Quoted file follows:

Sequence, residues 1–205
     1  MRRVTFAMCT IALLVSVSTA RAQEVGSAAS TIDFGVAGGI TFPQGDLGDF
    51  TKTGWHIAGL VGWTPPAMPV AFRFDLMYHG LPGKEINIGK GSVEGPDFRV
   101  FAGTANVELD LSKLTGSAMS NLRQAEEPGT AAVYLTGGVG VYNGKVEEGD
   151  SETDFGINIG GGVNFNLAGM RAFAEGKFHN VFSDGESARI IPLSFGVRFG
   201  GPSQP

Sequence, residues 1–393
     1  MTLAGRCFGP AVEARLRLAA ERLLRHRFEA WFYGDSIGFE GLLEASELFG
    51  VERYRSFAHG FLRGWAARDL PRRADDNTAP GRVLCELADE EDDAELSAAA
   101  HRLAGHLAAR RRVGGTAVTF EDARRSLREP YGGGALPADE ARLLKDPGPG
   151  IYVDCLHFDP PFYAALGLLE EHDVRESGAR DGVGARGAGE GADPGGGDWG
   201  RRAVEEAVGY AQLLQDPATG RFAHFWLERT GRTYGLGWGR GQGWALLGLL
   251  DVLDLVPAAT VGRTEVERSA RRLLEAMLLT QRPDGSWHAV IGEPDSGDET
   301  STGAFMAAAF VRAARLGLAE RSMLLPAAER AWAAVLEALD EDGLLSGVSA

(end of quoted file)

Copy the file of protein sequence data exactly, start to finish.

Sequence, residues 1–205
     1  MRRVTFAMCT IALLVSVSTA RAQEVGSAAS TIDFGVAGGI TFPQGDLGDF
    51  TKTGWHIAGL VGWTPPAMPV AFRFDLMYHG LPGKEINIGK GSVEGPDFRV
   101  FAGTANVELD LSKLTGSAMS NLRQAEEPGT AAVYLTGGVG VYNGKVEEGD
   151  SETDFGINIG GGVNFNLAGM RAFAEGKFHN VFSDGESARI IPLSFGVRFG
   201  GPSQP

Sequence, residues 1–393
     1  MTLAGRCFGP AVEARLRLAA ERLLRHRFEA WFYGDSIGFE GLLEASELFG
    51  VERYRSFAHG FLRGWAARDL PRRADDNTAP GRVLCELADE EDDAELSAAA
   101  HRLAGHLAAR RRVGGTAVTF EDARRSLREP YGGGALPADE ARLLKDPGPG
   151  IYVDCLHFDP PFYAALGLLE EHDVRESGAR DGVGARGAGE GADPGGGDWG
   201  RRAVEEAVGY AQLLQDPATG RFAHFWLERT GRTYGLGWGR GQGWALLGLL
   251  DVLDLVPAAT VGRTEVERSA RRLLEAMLLT QRPDGSWHAV IGEPDSGDET
   301  STGAFMAAAF VRAARLGLAE RSMLLPAAER AWAAVLEALD EDGLLSGVSA